"It's no what ye think, Ian," Jamie said shortly.
"Oh, it's not, aye? And Jenny worrying that ye'd make yourself ill, living without a woman so long!" Ian snorted. "I'll tell her she needna concern herself wi' your welfare. And where's my son, then, down the hall with another o' the harlots?"
"Your son?" Jamie's surprise was evident. "Which one?"
Ian stared at Jamie, the anger on his long, half-homely face fading into alarm.
"Ye havena got him? Wee Ian's not here?"
"Young Ian? Christ, man, d'ye think I'd bring a fourteen-year-old lad into a brothel?"
Ian opened his mouth, then shut it, and sat down on the stool.
"Tell ye the truth, Jamie, I canna say what ye'd do anymore," he said levelly. He looked up at his brother-in-law, jaw set. "Once I could. But not now."
"And what the hell d'ye mean by that?" I could see the angry flush rising in Jamie's face.
Ian glanced at the bed, and away again. The red flush didn't recede from Jamie's face, but I saw a small quiver at the corner of his mouth. He bowed elaborately to his brother-in-law.
"Your pardon, Ian, I was forgettin' my manners. Allow me to introduce ye to my companion." He stepped to the side of the bed and pulled back the quilts.
"No!" Ian cried, jumping to his feet and looking frantically at the floor, the wardrobe, anywhere but at the bed.
"What, will ye no give your regards to my wife, Ian?" Jamie said.
"Wife?" Forgetting to look away, Ian goggled at Jamie in horror. "Ye've marrit a whore?" he croaked.
"I wouldn't call it that, exactly," I said. Hearing my voice, Ian jerked his head in my direction.
"Hullo," I said, waving cheerily at him from my nest of bedclothes. "Been a long time, hasn't it?"
I'd always thought the descriptions of what people did when seeing ghosts rather exaggerated, but had been forced to revise my opinions in light of the responses I had been getting since my return to the past. Jamie had fainted dead away, and if Ian's hair was not literally standing on end, he assuredly looked as though he had been scared out of his wits.
Eyes bugging out, he opened and closed his mouth, making a small gobbling noise that seemed to entertain Jamie quite a lot.
"That'll teach ye to go about thinkin' the worst of my character," he said, with apparent satisfaction. Taking pity on his quivering brother-in-law, Jamie poured out a tot of brandy and handed him the glass. "Judge not, and ye'll no be judged, eh?"
I thought Ian was going to spill the drink on his breeches, but he managed to get the glass to his mouth and swallow.
"What—?" He wheezed, eyes watering as he stared at me. "How—?"
"It's a long story," I said, with a glance at Jamie. He nodded briefly. We had had other things to think about in the last twenty-four hours besides how to explain me to people, and under the circumstances, I rather thought explanations could wait.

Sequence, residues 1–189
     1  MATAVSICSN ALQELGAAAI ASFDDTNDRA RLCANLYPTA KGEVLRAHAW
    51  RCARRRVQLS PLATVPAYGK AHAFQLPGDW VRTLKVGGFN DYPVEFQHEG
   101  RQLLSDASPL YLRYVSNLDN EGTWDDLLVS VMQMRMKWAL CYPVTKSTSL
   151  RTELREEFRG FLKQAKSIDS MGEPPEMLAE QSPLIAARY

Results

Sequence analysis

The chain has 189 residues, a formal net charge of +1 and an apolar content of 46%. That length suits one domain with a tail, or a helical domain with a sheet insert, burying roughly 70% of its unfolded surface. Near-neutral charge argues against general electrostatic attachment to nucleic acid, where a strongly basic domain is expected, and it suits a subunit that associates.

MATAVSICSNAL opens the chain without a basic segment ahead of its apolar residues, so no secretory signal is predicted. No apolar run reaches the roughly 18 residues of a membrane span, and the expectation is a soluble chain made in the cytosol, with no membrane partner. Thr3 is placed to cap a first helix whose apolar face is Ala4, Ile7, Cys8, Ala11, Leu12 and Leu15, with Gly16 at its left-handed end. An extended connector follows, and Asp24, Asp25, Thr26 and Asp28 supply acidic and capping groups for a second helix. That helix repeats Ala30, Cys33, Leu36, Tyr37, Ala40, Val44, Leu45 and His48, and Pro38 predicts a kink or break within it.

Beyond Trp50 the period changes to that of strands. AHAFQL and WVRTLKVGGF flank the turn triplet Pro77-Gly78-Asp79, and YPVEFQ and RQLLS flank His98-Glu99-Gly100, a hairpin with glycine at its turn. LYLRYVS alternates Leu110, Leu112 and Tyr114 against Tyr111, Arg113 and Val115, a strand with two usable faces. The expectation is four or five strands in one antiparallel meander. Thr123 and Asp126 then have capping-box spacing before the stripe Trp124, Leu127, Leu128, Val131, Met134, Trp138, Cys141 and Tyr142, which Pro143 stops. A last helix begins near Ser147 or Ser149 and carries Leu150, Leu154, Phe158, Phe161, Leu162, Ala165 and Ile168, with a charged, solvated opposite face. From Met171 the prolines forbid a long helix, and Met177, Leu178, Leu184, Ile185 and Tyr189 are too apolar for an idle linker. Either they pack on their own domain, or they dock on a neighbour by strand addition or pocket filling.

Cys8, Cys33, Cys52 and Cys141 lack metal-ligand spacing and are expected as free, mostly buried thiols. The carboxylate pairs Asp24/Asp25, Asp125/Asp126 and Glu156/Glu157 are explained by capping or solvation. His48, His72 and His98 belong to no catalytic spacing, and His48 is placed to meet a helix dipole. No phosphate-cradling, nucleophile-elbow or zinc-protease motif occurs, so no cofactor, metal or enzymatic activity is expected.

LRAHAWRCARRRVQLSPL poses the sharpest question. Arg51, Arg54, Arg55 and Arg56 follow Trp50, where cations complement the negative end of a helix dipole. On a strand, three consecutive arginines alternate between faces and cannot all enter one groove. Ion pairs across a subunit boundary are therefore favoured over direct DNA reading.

"I don't believe I know Young Ian. Is he missing?" I asked politely.
Ian nodded mechanically, not taking his eyes off me.
"He stole away from home last Friday week," he said, sounding rather dazed. "Left a note that he'd gone to his uncle." He took another swig of brandy, coughed and blinked several times, then wiped his eyes and sat up straighter, looking at me.
"It'll no be the first time, ye see," he said to me. He seemed to be regaining his self-confidence, seeing that I appeared to be flesh and blood, and showed no signs either of getting out of bed or of putting my head under my arm and strolling round without it, in the accepted fashion of Highland ghosts.
Jamie sat down on the bed next to me, taking my hand in his.
"I've not seen Young Ian since I sent him home wi' Fergus six months ago," he said. He was beginning to look as worried as Ian. "You're sure he said he was coming to me?"
"Well, he hasna got any other uncles that I know of," Ian said, rather acerbically. He tossed back the rest of the brandy and set the cup down.
"Fergus?" I interrupted. "Is Fergus all right, then?" I felt a surge of joy at the mention of the French orphan whom Jamie had once hired in Paris as a pickpocket, and brought back to Scotland as a servant lad.
Distracted from his thoughts, Jamie looked down at me.
"Oh, aye, Fergus is a bonny man now. A bit changed, of course." A shadow seemed to cross his face, but it cleared as he smiled, pressing my hand. "He'll be fair daft at seein' you once more, Sassenach."
Uninterested in Fergus, Ian had risen and was pacing back and forth across the polished plank floor.
"He didna take a horse," he muttered. "So he'd have nothing anyone would rob him for." He swung round to Jamie. "How did ye come, last time ye brought the lad here? By the land round the Firth, or did ye cross by boat?"
Jamie rubbed his chin, frowning as he thought. "I didna come to Lallybroch for him. He and Fergus crossed through the Carryarrick Pass and met me just above Loch Laggan. Then we came down through Struan and Weem and ... aye, now I remember. We didna want to cross the Campbell lands, so we came to the east, and crossed the Forth at Donibristle."
"D'ye think he'd do that again?" Ian asked. "If it's the only way he knows?"
Jamie shook his head doubtfully. "He might. But he kens the coast is dangerous."